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An excellent executive order option

By Bruce Walker
web posted December 12, 2005

President Bush, according to punditry, is getting pummeled for his policies on Iraq. Ironically, all indications are that this not another Vietnam. The men and women in the branches of our military service in Iraq and in Afghanistan believe strongly and see daily good from our presence in these once tortured lands.

Our constitutional system allows wavering lines between the different branches of government and between the federal and state governments. There are few clear, unmistakable powers which any one part of our federal system can exercise, and even when those powers exist, the diffusion of accountability is so great that, for example, no honest citizen can know who in Congress to blame for the failure to pass a certain law.

The President of the United States, however, is Commander-in-Chief of our armed forces. While that confers some unmistakable powers in the conduct of military operations, it also creates an opportunity which President Bush could and should use in as dramatic a fashion as possible.

What is the screeching on the Left today? "Bring our boys home!" (or rather "Bring our boys and girls home!") The casualty lists grow and the president's popularity drops. There is a very simple way for President Bush to use political ju-jitsu on the Jell-O of Leftism and to demonstrate dramatically that those Americans who see the war most closely see goodness in this war.

President Bush should issue a simple executive order, on national television and after having lured Nancy Pelosi and others as close to the precipice of copperheads as possible, stating that any military personnel currently serving in Iraq, Afghanistan, in the Middle East and West Asia, or in the Indian Ocean who wishes to have an honorable discharge from the military may have that discharge within thirty days.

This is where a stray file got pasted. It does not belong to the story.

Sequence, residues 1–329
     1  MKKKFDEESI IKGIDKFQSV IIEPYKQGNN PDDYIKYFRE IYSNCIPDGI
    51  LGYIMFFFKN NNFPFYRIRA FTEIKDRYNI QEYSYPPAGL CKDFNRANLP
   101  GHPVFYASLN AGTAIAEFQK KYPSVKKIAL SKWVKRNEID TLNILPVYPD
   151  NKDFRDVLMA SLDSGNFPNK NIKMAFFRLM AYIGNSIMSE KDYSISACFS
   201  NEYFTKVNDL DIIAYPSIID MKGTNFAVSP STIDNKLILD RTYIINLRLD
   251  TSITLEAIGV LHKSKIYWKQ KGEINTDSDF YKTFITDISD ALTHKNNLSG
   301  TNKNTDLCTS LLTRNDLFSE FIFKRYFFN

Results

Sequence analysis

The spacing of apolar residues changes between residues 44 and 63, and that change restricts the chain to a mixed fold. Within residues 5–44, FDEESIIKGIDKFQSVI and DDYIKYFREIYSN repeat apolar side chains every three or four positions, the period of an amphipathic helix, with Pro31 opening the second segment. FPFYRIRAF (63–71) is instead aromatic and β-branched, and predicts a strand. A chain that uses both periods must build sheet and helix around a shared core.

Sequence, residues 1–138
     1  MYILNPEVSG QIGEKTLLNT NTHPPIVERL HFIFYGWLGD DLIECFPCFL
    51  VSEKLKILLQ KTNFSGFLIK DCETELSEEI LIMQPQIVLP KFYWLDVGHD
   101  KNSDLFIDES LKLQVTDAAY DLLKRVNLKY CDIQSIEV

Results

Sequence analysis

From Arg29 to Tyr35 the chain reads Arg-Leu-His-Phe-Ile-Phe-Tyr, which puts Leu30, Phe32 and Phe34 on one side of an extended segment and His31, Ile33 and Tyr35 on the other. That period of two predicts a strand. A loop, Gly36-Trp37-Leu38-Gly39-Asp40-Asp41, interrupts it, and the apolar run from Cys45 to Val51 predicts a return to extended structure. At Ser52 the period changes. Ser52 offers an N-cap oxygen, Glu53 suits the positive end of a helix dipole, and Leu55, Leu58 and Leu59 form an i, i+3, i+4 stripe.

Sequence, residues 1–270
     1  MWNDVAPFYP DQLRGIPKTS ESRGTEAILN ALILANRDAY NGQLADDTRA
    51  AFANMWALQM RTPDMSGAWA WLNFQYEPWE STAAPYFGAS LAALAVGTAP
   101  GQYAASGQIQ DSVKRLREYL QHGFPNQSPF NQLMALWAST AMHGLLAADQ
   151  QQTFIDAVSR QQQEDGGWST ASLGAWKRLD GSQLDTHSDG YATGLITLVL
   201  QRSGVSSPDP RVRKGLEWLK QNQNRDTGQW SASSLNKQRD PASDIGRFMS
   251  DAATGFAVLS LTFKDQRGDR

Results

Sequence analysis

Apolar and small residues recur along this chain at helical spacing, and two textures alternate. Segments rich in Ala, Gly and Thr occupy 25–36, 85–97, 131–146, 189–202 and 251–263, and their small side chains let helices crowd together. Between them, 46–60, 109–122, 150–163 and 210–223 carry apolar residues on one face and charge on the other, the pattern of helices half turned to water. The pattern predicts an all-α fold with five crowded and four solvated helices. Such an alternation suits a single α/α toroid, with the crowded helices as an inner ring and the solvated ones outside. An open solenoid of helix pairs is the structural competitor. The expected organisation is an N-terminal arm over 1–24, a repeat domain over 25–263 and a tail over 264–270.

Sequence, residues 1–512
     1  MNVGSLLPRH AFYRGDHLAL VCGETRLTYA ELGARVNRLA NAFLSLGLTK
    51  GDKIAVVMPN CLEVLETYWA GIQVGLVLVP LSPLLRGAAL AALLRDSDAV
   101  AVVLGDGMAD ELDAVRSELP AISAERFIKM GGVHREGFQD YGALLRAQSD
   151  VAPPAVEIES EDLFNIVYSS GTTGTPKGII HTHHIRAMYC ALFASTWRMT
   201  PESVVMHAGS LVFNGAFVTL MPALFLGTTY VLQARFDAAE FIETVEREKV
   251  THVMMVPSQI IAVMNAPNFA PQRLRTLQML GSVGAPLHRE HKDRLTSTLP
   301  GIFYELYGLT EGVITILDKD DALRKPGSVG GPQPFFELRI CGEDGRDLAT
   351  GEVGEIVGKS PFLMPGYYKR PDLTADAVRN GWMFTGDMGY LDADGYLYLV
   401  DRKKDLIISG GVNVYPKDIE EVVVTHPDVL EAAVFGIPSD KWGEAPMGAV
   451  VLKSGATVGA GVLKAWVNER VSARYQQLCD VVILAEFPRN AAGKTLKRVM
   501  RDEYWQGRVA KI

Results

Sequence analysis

US soldiers search a building in Baghdad on November 1
US soldiers search a building in Baghdad on November 1

Consider the impact. Those soldiers, sailors and airmen who did not feel that our cause was just would be allowed to go home, with no questions asked. They would not be treated as "draft dodgers" because all were already volunteers. Their career in the military would end, of course, but the impact would be no different than if they had chosen not to reenlist. Unless the benefits, moral and financial, to serving in the military in Iraq exceeded the costs, moral and financial, of serving in the military in Iraq, everyone would come home.

But, of course, the overwhelming majority of troops would choose to stay. They are a revolutionary army, much like the revolutionary army that won independence for the United States from Great Britain. They stay and they fight because they know that they are doing good. They are defending their homeland from real threats and they are liberating people from an awful tyranny. And they, more than reporters who spend a few weeks in comfortable digs and who do not put their lives on the line, know what is at stake.

And what if, say, fifteen percent of the troops wished to be honorably discharged from the military? Would that be a catastrophe? Considering that the administration is already considering withdrawing troops, then allowing these unhappy troops to go first makes excellent military sense.

Great commanders have stated it countless ways, but morale is vastly more important than numbers. The eighty-five percent who really wanted to stay and to liberate these people would be more effective than a current force in which eighty-five percent believed in the mission but fifteen percent did not. The confidence of the noble eighty-five percent would rise, and the moral seriousness of their task in a world filled with squishy relativism made crystal clear.

Finally, those who went home – the tiny few – would be left with no argument as politicians running for office as "veterans." Instead they would be civilians too timid or too selfish to stand by their buddies. Those who stayed, particularly as it become more apparent, as it would after this executive order, that democracy and liberty had won a great victory, would become very attractive political candidates.

This is something that the President of the United States could do, and could do easily. Even if Leftists found some technical objection, raising that objection would make them look ridiculous: Congress could be called into special session to enact a statute specifically allowing President Bush to do this, and who would vote against it (and why?)

When fighting a profoundly moral war, as we are, sometimes it helps to draw hard moral lines. An executive order letting anyone who wishes to resign to resign is just such a moral hard line.

Bruce Walker is a senior writer with Enter Stage Right. He is also a frequent contributor to The Pragmatist and The Common Conservative.

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